As Mr. Arnove noted, pressure must be brought on Congress to end the war. Without the pressure, the war will continue to drag around with occassional clucks from media pundits but do not expect any leadership there either. That last point is mine and not Mr. Arnove's.

Michael Ratner noted that Congress was no help at all on the issue of the prisoners in Guantamo. He was repeatedly told that now was not the time to address that. First, it was the 2002 elections, then it was the 2004 elections. At one point, he realized, and stated, that excuse was still going to provide the cover in 2008.

Mr. Ratner is one of the four hosts of the program, along with Heidi Boghosian, Dalia Hashad and Michael Smith. C.I. passed on that Monday's program will feature an interview with Marjorie Cohn who is the new president of the National Lawyers Guild. I know Mike is not alone in enjoying Ms. Cohn's appearances and you can hear the interview on WBAI's Law and Disorder at eighter link tomorrow. You can also utilize the links to listen to any of the four-part series on the police show or other past shows as well.

C.I. also passed on this from Zach regarding KPFA's special broadcasting this week:

KPFA Special Broadcast: Robert Gates Confirmation Hearing
Tuesday, December 5th, 06:00am
Live, gavel-to-gavel coverage of the Robert Gates Secretary of Defense confirmation hearing on Capitol Hill. With Larry Bensky, Aaron Glantz and our guest experts.

That will be nine a.m. for me and anyone else on the East coast, Central time zone listeners should note that the programing will begin at eight a.m., and those in the Pacific time zone should tune it at six a.m.

Finally, Margaret (Meg) Irish, of Stars and Stripes, wrote to pass on that, "Stars and Stripes is actually an independent, 1st Amendment newspaper, with all of the responsibilities that implies. Yes, we are a Department of Defense authorized newspaper. No, the Department of Defense cannot censor or control our content. We are editorially independent within our own 'chain of command,' which is headed by a civilian publisher. Our status is a matter of law and part of the public record. We operate under Congressional oversight and for years have had an ombudsman, who represents the interests of our readers, who twice annually presents Congress with a 'report card' on our performance."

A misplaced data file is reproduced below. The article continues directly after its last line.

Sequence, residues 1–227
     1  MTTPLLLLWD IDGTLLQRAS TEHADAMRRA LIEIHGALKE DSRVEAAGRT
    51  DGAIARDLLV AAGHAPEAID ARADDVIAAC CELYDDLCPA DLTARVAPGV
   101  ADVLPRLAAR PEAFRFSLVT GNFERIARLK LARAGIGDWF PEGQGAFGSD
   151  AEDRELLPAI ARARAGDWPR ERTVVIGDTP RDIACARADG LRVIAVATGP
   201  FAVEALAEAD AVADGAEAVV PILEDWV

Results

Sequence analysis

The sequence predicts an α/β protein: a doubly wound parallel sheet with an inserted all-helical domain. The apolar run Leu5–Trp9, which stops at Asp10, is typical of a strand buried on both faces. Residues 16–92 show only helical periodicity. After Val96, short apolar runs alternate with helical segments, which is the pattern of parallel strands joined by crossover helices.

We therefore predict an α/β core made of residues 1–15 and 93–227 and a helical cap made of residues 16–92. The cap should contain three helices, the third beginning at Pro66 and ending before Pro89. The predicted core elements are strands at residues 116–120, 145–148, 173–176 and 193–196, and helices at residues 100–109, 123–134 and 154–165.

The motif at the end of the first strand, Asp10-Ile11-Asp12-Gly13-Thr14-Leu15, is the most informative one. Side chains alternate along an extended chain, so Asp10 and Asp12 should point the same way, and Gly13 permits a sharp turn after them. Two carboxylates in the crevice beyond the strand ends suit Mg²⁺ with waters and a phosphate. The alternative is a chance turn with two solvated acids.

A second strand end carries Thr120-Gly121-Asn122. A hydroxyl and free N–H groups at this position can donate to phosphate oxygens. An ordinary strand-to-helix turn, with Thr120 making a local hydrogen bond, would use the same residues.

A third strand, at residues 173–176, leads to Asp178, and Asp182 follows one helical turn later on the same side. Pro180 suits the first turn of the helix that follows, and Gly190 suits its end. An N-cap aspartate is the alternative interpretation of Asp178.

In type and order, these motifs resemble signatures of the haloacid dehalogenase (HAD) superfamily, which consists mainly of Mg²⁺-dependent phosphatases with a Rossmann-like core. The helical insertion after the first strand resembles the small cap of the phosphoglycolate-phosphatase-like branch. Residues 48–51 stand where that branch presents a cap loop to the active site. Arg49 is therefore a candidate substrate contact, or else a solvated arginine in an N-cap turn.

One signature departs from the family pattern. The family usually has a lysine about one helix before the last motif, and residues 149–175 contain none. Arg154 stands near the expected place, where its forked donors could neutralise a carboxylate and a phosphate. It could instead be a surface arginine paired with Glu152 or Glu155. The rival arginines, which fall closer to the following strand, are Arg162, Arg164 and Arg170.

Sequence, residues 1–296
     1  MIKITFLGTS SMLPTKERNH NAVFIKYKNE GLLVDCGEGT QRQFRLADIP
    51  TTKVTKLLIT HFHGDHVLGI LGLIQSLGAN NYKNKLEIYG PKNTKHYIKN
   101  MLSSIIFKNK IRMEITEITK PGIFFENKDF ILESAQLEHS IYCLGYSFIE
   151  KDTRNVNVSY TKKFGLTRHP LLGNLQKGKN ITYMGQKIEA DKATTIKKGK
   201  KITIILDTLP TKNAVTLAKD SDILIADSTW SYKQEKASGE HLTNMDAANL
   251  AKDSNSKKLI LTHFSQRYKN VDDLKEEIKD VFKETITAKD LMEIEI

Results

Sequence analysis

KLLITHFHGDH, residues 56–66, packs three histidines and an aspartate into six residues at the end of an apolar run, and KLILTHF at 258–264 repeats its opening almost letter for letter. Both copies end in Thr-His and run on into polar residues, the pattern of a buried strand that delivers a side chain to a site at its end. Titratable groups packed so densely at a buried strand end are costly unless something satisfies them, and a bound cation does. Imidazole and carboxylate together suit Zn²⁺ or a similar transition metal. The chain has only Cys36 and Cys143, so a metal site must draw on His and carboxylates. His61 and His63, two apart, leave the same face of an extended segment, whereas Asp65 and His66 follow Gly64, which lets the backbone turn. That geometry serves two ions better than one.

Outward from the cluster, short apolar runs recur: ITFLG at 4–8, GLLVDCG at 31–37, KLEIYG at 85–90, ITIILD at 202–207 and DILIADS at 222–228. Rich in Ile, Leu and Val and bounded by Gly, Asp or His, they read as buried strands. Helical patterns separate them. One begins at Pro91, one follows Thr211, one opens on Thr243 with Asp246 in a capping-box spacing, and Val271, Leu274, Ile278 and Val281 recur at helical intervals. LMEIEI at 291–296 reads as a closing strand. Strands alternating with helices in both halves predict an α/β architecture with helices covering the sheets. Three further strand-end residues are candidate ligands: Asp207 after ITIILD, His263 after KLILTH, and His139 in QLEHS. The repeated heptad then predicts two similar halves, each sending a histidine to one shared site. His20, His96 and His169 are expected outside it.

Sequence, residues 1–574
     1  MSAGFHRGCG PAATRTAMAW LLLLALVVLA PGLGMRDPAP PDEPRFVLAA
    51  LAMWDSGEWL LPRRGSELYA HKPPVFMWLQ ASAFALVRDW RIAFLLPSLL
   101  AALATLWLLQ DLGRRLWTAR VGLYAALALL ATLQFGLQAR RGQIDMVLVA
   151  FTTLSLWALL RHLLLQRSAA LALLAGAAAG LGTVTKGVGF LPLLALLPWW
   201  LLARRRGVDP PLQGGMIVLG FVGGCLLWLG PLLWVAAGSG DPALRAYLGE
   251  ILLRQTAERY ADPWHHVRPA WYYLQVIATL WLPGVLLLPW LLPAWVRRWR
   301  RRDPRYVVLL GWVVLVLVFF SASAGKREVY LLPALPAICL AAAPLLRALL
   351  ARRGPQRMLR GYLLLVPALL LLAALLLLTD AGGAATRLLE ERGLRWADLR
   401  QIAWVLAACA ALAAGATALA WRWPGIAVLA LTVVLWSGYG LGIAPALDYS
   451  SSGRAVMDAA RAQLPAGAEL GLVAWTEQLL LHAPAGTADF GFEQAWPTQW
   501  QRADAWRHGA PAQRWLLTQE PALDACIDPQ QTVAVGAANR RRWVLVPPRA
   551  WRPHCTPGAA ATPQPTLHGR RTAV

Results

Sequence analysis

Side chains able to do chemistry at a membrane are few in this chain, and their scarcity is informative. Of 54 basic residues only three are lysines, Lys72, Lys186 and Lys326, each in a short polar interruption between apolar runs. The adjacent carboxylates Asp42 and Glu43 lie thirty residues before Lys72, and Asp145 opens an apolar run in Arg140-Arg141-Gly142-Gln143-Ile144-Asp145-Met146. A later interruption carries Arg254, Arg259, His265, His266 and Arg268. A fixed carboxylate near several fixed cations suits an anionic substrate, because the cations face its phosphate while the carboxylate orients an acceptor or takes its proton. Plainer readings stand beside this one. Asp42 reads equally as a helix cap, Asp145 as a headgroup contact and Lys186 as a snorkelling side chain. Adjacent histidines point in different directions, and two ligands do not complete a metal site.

This is in reference to my remarks last report, "Paula Zahn Now, Stars & Stripes, Associated Press, The Philadelphia Inquirer. Are these independent media outlets? I would argue that they are not. But in terms of war resisters within the military, that is where news consumers have had to turn."

While I appreciated hearing from Ms. Irish and am happy to note the independence built into Stars and Stripes, Ms. Irish and I define "independent media" differently. Ideally, the Department of Defense "cannot censor or control" CNN's content either but I would not argue that CNN is independent media.

I grasp Ms. Irish's point and am glad that she raised it. Stars and Stripes is not an organ of the Defense Department, there independence from that department, as well as any other, is built in.
But I do not consider it independent media which, by my definition, often exists on a shoe string budget and depends upon listeners, subscribers, donations and purchases. Democracy Now! is an example of my definition of independent media. I also do not consider PBS or NPR to be "independent media."

Due to the nature of Stars and Stripes, it could be misread as an organ of the Pentagon. It is not that which I am more than happy to clarify.